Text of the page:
Firearms Testimony: Should it be the Smoking Gun?

By Alexi DeLara 

In recent decades, researchers, judges, and journalists have raised questions regarding the reliability of a range of widely utilized forensic techniques. This includes, but is not limited to, forensic comparison methods, such as latent fingerprint and firearm comparisons. The article, “Mock Jurors’ Evaluation of Firearm Examiner Testimony Notes,” written by Brandon L. Garrett, Nicholas Scurich, and William E. Crozier, focuses on the latter.

While there has been similar research conducted on how jurors perceive other types of forensic evidence, this article fills in a gap: whether modifications to the delivery of firearms testimony has an effect on jurors and how jurors weigh the expert testimony.

Testimony by firearms experts have been a prominent part of judicial proceedings and is often viewed as the ‘smoking gun,’ or a substantial contributing factor, to a jury’s verdict. Examiners would claim that firearms leave markings on bullets or shell casings that can only originate from that firearm, to the exclusion of all others in the world. However, like any analysis, there is uncertainty in reaching conclusions, which examiners failed to express in their unqualified conclusion offered in court. Indeed, the procedure involves a series of subjective comparisons and decisions that can result in errors; an influential White House Report described how researchers have documented surprisingly high error rates.

Due to this recent skepticism, judges and prosecutors have recently moved from the phrasing of “an identification” or a “match” to other more modest and qualified variations. In one case, a judge asked that examiners use the phrasing “cannot be excluded,” when referring to the firearm comparison conclusion. The question exists, however, whether these variations on conclusion terminology have their intended effect on the jurors to interpret these testimonies more cautiously; this is what the study intended to find. 

Garrett, Scurich, and Crozier conducted two studies. The participants were each given the same case information to control for extraneous variables. These studies were designed to test the effects wording and cross-examination have on jury verdicts, if any at all. They also measured the participants general view on the reliability of firearms testimony. It was found that modifications in conclusion terminology largely were ineffective in swaying jury verdicts, except with the phrase, “cannot be excluded.”

It was also found that jurors tend to view firearms as largely infallible and place substantial weight on this form of expert testimony. Additionally, the presence of cross-examination had little to no effect on verdicts, but was largely dependent on the wording used and the firearm examiner’s responses.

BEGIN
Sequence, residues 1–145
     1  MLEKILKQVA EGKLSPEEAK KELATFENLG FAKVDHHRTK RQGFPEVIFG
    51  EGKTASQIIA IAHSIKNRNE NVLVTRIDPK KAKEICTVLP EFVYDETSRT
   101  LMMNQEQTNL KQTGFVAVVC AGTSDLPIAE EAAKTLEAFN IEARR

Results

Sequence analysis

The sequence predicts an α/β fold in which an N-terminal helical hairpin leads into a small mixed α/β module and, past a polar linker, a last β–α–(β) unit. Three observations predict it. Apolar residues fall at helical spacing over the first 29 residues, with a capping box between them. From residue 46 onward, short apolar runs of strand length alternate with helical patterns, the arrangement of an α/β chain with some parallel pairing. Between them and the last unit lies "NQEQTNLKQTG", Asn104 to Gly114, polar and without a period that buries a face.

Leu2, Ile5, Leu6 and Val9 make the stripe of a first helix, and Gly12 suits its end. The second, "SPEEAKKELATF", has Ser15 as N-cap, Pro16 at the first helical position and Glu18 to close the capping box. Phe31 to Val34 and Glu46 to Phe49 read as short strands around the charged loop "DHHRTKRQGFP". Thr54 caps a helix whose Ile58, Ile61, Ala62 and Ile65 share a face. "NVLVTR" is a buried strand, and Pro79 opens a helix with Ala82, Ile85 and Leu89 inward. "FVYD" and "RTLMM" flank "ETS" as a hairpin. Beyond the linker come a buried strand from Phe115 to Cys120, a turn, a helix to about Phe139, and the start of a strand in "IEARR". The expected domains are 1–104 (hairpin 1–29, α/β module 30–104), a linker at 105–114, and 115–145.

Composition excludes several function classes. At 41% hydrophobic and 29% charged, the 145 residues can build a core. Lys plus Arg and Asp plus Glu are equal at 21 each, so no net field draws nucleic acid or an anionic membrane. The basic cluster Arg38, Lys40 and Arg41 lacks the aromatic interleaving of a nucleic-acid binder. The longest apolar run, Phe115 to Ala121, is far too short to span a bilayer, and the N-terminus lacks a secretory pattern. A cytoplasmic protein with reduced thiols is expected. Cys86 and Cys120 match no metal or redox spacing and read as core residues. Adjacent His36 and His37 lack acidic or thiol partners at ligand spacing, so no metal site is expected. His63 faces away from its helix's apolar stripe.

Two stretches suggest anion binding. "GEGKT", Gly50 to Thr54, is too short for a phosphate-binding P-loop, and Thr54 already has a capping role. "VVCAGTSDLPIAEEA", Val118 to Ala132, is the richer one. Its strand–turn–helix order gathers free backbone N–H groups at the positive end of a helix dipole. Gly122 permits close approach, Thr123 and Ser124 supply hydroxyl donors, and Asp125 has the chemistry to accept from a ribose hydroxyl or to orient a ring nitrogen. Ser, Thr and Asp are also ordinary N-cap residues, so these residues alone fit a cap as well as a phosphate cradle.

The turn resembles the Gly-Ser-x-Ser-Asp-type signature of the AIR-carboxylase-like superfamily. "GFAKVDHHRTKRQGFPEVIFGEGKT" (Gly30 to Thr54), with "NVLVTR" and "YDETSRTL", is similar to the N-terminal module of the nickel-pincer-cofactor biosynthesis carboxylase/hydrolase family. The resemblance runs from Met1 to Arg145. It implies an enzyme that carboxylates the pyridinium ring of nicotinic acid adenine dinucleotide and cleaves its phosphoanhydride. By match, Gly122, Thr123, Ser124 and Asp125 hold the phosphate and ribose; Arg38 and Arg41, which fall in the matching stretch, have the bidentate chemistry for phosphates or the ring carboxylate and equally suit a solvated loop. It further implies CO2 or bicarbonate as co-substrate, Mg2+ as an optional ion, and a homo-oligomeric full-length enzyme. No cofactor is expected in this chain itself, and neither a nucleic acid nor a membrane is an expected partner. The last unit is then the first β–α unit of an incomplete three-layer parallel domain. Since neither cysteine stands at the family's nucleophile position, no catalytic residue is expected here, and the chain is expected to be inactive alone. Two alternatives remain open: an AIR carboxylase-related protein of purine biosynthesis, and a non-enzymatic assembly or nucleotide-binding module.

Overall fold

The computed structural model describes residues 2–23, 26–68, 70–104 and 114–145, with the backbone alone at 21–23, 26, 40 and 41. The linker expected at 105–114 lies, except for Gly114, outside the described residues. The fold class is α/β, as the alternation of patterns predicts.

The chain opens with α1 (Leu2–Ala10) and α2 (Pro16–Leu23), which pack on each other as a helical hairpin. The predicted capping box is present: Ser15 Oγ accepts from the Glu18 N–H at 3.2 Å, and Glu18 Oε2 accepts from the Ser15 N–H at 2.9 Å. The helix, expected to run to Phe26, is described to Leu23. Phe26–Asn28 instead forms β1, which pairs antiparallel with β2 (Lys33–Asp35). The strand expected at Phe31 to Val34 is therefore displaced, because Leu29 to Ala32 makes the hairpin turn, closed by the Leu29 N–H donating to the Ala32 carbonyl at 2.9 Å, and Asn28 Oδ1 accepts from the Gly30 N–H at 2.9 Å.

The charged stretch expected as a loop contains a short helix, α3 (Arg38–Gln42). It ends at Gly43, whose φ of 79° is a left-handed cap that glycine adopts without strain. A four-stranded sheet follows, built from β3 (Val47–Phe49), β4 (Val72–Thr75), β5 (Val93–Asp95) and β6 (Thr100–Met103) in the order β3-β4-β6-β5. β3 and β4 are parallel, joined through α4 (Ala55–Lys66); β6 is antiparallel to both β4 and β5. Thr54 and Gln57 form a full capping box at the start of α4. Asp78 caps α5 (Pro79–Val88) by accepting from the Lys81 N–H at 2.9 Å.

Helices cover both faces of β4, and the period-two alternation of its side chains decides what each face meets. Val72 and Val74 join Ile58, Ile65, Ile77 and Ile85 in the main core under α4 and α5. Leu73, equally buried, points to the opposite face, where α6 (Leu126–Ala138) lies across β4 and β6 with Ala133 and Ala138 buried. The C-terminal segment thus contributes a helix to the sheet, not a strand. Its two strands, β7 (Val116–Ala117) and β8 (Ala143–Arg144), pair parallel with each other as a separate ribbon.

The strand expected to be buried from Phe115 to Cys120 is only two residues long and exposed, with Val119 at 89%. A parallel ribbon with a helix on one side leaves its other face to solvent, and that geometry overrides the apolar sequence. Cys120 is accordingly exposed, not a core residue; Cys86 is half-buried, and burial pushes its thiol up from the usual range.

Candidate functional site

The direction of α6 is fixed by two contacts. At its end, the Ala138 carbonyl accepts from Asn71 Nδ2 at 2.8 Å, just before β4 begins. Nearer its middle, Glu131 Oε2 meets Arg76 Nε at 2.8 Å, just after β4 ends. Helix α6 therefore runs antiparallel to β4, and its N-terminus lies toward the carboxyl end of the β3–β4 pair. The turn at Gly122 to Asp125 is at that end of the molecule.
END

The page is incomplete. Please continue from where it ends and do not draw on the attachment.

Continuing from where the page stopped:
So, what do the findings of this study tell us? Recent efforts to educate jurors regarding the limitations of firearms comparison evidence have, for the most part, not worked as intended. Modifying phrasing did not change votes for a guilty verdict, except when using the most cautious phrase, “cannot exclude.” The article calls for more rigorous interventions.

The study also provides support for the notion that overstated firearms conclusions, which have been used frequently and are given significant weight in the eyes of the jurors, have flaws that are not entirely understood by the general population. These studies serve as a call to action since despite previous findings and modifications, there remains a disconnect in delivering the message to jurors that a firearms conclusion in which a match is declared is not an unqualified smoking gun.

From the paper's conclusion:

While several federal judges and the DOJ have tempered language that firearms experts use in court, adopting types of modified conclusion language endorsed by practitioners did not affect guilty verdicts. In contrast, a conclusion that an examiner simply “cannot exclude the defendant’s gun,” a much more cautious conclusion, imposed by at least one judge, did affect guilty verdicts. These findings suggest that many judicial and prosecution-driven interventions to limit conclusion language for firearms testimony are not likely to be effective. Any courtroom interventions must be quite forceful to be effective, because as the studies here revealed, laypeople place great weight on firearms testimony. Judicial actors require adequate research to assess the reliability of firearms comparison methods, to use that research to more carefully inform jurors in criminal cases. Until that foundational research is conducted, however, more forceful judicial instructions may be warranted.

Alexi DeLara is an undergraduate student at Duke University working this semester with the Wilson Center for Science and Justice.